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MARKER DATABASE
“Bite-Size Bits of Local, National, and Global History”
“Bite-Size Bits of Local, National, and Global History”
Near Bonanza City (ghost town) in Custer County, Idaho — The American West (Mountains)
 

Remnants of the Past

 
 
Remnants of the Past Marker image. Click for full size.
By Barry Swackhamer, June 25, 2017
1. Remnants of the Past Marker
Inscription. The large piles of rock and gravel around you were left over from dredge mining operations that took place in the 1940s and early 1950s.
The 4-level Yankee Fork dredge floated in water as it dug its way upstream, extracting gold and silver from the river bed. It left behind an arc of fan-shaped tailing piles as it pivoted back and forth, anchored by a 55-foot post called a spud. Large cobbles were sent to a mounted conveyor belt, or stacker, while finer sediments were deposited outside the dredge.
These dredge piles are evidence of Idaho's mining heritage and are being preserved as an important part of the Yankee Fork's history.
 
Erected by Simplot, U.S. Forest Service, various Idaho Governmental Agencies.
 
Location. 44° 20.532′ N, 114° 43.41′ W. Marker is near Bonanza City (ghost town), Idaho, in Custer County. Marker is on Yankee Fork Road - Custer Motorway Adventure Road near Westfork Lane, on the left when traveling south. Touch for map. Marker is in this post office area: Stanley ID 83278, United States of America.
 
Other nearby markers. At least 8 other markers are within 4 miles of this marker, measured as the crow flies. Bonanza City (approx. 2.1 miles away); Dredge Tailings (approx. 2.4 miles away); Dredge Camp Family Life
Remnants of the Past Marker image. Click for full size.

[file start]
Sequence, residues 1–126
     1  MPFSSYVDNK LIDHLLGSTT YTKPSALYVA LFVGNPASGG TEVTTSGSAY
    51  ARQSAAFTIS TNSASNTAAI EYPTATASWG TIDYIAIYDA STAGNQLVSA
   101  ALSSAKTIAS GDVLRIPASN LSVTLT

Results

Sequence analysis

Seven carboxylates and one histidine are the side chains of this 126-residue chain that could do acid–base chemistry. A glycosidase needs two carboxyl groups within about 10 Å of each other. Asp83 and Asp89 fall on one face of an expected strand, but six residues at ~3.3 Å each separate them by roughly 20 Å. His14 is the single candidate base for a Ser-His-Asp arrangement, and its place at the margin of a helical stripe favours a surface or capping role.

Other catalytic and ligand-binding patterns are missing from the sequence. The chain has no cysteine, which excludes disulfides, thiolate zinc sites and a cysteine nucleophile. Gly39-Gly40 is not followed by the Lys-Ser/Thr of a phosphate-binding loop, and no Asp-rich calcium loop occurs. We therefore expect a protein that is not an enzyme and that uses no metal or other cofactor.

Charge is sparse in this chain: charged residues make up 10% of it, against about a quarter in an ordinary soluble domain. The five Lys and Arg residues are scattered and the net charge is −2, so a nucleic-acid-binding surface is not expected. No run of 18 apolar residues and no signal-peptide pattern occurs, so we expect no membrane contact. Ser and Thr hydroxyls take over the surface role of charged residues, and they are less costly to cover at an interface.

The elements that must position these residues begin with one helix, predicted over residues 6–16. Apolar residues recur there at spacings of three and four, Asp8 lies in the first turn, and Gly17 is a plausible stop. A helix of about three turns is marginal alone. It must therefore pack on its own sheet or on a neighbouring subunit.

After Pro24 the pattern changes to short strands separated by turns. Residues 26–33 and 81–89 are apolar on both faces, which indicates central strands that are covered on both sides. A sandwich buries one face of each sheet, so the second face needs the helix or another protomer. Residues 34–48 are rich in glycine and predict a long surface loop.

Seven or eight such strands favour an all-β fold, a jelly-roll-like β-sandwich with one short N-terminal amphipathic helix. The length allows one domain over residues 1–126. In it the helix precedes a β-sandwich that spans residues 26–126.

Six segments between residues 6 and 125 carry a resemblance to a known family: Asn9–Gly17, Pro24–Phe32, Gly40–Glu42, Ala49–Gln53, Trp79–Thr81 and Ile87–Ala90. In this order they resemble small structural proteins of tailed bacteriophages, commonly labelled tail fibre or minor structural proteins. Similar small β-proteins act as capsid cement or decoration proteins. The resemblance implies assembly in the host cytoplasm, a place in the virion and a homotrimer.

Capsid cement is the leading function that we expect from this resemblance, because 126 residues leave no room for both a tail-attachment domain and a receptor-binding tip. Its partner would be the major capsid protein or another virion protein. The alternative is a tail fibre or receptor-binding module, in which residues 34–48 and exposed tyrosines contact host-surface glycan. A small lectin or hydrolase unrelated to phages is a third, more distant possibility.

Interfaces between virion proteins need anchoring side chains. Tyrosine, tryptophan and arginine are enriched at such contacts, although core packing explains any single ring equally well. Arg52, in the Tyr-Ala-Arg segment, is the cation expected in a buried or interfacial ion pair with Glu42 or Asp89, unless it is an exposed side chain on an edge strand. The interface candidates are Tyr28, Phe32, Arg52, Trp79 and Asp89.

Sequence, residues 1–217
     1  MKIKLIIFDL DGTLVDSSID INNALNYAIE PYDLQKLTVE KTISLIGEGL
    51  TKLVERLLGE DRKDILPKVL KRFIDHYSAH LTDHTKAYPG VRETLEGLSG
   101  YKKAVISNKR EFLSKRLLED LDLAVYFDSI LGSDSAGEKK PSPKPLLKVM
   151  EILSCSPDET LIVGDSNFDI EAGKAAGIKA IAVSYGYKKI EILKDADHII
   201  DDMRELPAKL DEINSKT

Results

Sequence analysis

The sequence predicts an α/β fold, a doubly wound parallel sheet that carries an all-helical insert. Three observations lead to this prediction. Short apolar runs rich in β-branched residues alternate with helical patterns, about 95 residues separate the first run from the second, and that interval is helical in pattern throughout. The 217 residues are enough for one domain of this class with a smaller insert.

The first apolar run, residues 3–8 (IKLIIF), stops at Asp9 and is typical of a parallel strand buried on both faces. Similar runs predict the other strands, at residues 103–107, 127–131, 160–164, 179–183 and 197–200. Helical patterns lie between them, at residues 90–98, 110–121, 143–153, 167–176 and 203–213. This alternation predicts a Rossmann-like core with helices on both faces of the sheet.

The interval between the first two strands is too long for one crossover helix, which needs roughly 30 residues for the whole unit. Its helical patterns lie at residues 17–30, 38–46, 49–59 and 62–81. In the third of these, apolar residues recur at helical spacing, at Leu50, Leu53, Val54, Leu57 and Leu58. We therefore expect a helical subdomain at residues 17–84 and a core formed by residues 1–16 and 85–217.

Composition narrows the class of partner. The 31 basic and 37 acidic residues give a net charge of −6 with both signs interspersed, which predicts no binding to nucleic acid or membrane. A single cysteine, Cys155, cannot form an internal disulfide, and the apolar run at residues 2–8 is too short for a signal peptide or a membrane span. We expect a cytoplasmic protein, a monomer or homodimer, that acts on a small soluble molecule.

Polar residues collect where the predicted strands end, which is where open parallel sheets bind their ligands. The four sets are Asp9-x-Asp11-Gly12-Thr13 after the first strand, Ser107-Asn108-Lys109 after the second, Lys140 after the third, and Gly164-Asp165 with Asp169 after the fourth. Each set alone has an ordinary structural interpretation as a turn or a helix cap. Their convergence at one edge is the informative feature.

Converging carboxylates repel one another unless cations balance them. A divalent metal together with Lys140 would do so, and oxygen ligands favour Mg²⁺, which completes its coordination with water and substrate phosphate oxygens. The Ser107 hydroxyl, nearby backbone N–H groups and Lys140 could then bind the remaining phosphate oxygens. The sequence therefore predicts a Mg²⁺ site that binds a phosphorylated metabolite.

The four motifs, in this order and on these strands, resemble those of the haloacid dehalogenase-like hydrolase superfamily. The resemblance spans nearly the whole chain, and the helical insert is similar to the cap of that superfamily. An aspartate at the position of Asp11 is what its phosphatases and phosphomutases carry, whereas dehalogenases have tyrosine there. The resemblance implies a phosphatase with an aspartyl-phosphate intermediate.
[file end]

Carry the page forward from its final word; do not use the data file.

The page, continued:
By Barry Swackhamer, June 25, 2017
2. Remnants of the Past Marker
The marker is on the left.
(approx. 2.4 miles away); Dredge Beginnings (approx. 2.4 miles away); Yankee Fork Gold Dredge (approx. 2.4 miles away); The Crew of the Yankee Fork Gold Dredge (approx. 2 miles away); Building the Dredge (approx. 2.6 miles away); Chinese Businesses (approx. 3.2 miles away). Touch for a list and map of all markers in Bonanza City (ghost town).
 
Categories. EnvironmentIndustry & Commerce
 
Bring Back the Fish panel image. Click for full size.
By Barry Swackhamer, June 25, 2017
3. Bring Back the Fish panel
Several species offish live in the Yankee Fork of the Salmon River, but only Chinook salmon and steelhead migrate to and from the Pacific Ocean to complete their life cycle.
These fish were once plentiful in the Pacific Northwest, but experience steady declines during the 20th century. They are listed as threatened under the Endangered Species Act.
Tribal, federal, state, private, and non-governmental organizations are working together to improve Chinook salmon and steelhead habitat in the Yankee Fork.
In 9012, this group completed the half-mile-long side channel project before you.
The ponds and dredge piles once found here were transformed into a stream channel, floodplain, and wetlands that provide crucial habitat for Chinook salmon and steeled. Within six months, steelhead were spawning here.
The reclaimed river channel image. Click for full size.
By Barry Swackhamer, June 25, 2017
4. The reclaimed river channel
 
 
Credits. This page was last revised on November 13, 2017. This page originally submitted on November 13, 2017, by Barry Swackhamer of San Jose, California. This page has been viewed 47 times since then. Photos:   1, 2, 3, 4. submitted on November 13, 2017, by Barry Swackhamer of San Jose, California.
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